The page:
In Jesus’ time, when people told truthful stories about someone’s life, they didn’t fret over the details that much. You could toss things in or cut them out or even give it some imaginative flourish. What mattered was whether the story was true to character. Did it reflect something Jesus would do? More to the point, does it reflect something of God in our world in Jesus’ name? If so, then it’s as true a story as anybody needs.
We all make choices of interpretation, whether we realize it or not… and it’s sometimes the back story- the prior story, that sets the scene and reveals a deeper truth, the reason why things happen the way they do in the first place. In this case, we already have information in Matthew’s gospel that helps us fill in some of the blanks of this miracle story of Jesus.
A power-packed sentence opens this account that is all too often dismissed as yesterdays’ news, when it actually bears real impact on what happens in today’s story.
Jesus hears the news of the death of his cousin John the Baptist and goes off, in a boat, to settle himself. This is no small thing. A family member has been killed, Jesus’ mentor- after a fashion; the leader of a large group of followers on his own merit. Was Jesus going off to a place apart to grieve, to pray, to hide? Any of these are possibilities. So Jesus up & leaves, sad & heartbroken, returning to the hills of Galilee, the place when John himself had done the lion’s share of his ministry, the place where the Spirit will tend to him once more.
And the same goes for the crowd… In the Greek text it’s difficult to distinguish who the crowds were following at the time; were they John the Baptist’s followers, or Jesus’? Either way, they were all grief stricken and they set on their way to sort out their future.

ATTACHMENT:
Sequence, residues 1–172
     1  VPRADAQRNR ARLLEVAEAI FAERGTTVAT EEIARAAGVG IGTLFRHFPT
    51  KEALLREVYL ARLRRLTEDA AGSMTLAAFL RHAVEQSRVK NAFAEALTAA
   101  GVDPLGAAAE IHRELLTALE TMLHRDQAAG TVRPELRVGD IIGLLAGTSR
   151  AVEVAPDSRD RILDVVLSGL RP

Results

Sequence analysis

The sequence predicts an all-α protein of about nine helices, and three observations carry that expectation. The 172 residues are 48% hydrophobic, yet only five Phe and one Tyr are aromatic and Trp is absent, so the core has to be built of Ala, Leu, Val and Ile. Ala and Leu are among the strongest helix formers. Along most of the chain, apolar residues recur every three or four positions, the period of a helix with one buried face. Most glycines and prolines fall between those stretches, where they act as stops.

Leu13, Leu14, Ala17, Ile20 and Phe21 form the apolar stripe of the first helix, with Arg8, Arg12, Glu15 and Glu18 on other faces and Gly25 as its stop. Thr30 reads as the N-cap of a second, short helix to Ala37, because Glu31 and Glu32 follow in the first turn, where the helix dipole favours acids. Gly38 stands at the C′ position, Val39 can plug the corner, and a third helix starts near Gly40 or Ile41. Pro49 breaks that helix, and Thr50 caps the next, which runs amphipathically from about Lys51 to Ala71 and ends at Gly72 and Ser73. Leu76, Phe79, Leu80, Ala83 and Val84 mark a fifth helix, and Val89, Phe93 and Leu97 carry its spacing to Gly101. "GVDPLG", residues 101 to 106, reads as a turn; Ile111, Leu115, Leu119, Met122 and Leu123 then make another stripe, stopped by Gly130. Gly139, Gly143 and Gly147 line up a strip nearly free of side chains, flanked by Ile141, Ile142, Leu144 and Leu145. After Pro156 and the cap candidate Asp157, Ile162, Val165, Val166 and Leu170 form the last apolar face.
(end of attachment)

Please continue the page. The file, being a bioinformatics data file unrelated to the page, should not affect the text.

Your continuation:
Imagine it like after Kennedy’s assassination, or 9/11, or Hurricane Katrina. Unexpected disaster has struck and one of the leaders, a dear family member, is gone. Going back to the drawing board is the order of the day. Jesus and the people both decide to get out of Dodge. They ‘hunker down’ and hit the road to regather themselves. Surely they took provisions. Surely, they didn’t go empty handed. But, grief stricken, they didn’t set off on the trip to have a picnic on the church grounds.
Soon after their arrival, while there, Jesus saw them, opened his heart and cured their sick. That’s what Jesus does. The word Matthew uses for Jesus’ emotion is striking… in English its rendered ‘compassion’, but the Greek is much more visceral—the word is ‘splagizomai’- a gut wrenching feeling, way down deep. Disaster strikes, and makes even Jesus dig down deep, in himself, into that of God, for inner resources which become plenty for others.
A connection is made between Jesus’ heart – gut- and holy ability to call into existence that which otherwise would not have been possible.
Somehow, the crowds are fed. More than enough food is produced to feed them all, and a miracle for the ages has been performed.
This is a treasured story, not just for those who experienced it, but for the church through the ages. Jesus’ feeding is an old, old story, but each retelling of it brings us something new. The meaning of the miracle is more than the miracle itself.
- God loves and cares for every person on earth and that the promise of life in fullness extends to all who come to the Lord…
- God calls us to be disciples, for us to be the means through which God’s work is to be done in the world
- God promises us in the Holy Spirit that the power of the love of God can sustain us through difficult times, and can help us join together in ways greater than we can imagine.
Disaster causes us to dig down deep- to feel the pain, the loss, the terror and sadness of others.
For Jesus, what that means is that he can do something about it; his followers are fed in their following. They are nourished for a new day—out of what- who knows? But it lasts long enough to make a difference and be remembered always.
Is that what happens here today in this sacrament, in the sign and seal of Christ’s presence? Will this bread and up feed us, nourish us, guide us, embolden us, uphold us, comfort us- so much that we will share with others?
With Jesus fully present here, just as he was in Galilee, indeed,May it be so. Amen.